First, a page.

At OpenMR Benelux, I proposed our MRI guide as a hackathon project to receive more input. Despite the fact that there weren’t many participants to help, I received valuable input from an associate professor from Erasmus MC (Stefan Klein), who provided some more technical and medical insights. The rest of my time there, I spent helping with an existing initiative (eCOBIDAS). I was pleasantly surprised to realize that I learned more from my – very patient – collaborators than I imagined was possible in 3 days. Recently, I joined a second hackathon (OHBM Brainhack), which basically repeated this experience: I learned so many new things in a short amount of time. The best part about both these experiences wasn’t only to learn new skills. It was also getting to know colleagues and initiatives outside of the Netherlands that turned out to be very relevant to my own work. In addition, these events were both so informal and accessible that my embarrassment to ask things I didn’t know quickly faded.
In the meantime, the first version of the MRI data sharing guide has been published and we have already received feedback for a next version. My conclusion from this is that community-driven efforts, such as hackathons and our sharing guide, can contribute to scientific advancement in an extremely meaningful way. For me, this meant bringing the right people together to try to figure out the complicated issue that is sharing MRI data. For others, this may mean something different. Overall, I think that community-driven initiatives can have large impact, not only because they result from collaboration, but also because they have personal benefits: you can learn about projects happening in the world, get to know new people and collaborate on projects that you would otherwise never have thought about. It would be great if our MRI data sharing guide could be followed by something more widely applicable and will be just as widely supported as many preceding hackathon projects. In the meantime, I will keep on hacking.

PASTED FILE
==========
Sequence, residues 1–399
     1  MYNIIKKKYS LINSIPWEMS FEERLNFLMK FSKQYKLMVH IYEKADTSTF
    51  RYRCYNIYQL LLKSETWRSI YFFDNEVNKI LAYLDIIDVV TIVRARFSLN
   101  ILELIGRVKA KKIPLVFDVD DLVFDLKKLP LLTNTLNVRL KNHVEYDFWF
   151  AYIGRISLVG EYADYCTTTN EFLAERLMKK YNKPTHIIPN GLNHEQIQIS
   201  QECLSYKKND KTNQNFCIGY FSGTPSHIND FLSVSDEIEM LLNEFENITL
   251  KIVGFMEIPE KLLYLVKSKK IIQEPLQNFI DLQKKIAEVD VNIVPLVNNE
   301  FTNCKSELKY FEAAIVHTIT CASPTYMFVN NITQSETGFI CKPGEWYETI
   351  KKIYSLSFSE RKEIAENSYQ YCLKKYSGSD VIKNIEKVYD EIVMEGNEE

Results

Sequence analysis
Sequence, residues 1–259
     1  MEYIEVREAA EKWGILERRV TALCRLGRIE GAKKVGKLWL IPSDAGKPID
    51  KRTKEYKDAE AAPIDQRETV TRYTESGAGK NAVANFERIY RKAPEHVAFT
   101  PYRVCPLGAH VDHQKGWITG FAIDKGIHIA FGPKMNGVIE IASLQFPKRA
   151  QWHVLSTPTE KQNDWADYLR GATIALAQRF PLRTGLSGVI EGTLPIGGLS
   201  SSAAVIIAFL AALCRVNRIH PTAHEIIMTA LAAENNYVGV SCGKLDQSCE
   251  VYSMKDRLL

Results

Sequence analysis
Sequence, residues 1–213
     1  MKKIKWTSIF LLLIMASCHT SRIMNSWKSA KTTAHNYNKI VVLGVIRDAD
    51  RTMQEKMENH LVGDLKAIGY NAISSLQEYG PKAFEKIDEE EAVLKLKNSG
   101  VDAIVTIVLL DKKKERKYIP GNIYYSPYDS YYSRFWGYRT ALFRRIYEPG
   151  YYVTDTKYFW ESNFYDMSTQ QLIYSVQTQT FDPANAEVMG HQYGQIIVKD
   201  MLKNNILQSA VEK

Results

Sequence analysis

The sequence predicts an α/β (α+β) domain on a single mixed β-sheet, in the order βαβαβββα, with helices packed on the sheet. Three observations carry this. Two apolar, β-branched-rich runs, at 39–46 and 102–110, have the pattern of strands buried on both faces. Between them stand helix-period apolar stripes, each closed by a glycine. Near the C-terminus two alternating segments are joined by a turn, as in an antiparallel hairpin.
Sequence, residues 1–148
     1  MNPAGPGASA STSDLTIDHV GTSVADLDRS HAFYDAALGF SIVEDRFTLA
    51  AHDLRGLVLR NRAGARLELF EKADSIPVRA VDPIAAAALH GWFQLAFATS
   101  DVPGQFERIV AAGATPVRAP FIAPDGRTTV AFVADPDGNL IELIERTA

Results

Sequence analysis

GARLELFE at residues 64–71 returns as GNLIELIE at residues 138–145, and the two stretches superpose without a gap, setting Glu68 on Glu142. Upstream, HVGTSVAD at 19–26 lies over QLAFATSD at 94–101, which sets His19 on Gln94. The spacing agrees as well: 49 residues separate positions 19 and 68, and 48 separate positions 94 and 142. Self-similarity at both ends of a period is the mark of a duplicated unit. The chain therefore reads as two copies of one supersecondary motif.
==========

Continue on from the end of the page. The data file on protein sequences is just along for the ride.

This blog was originally posted on the Erasmus SYNC lab website
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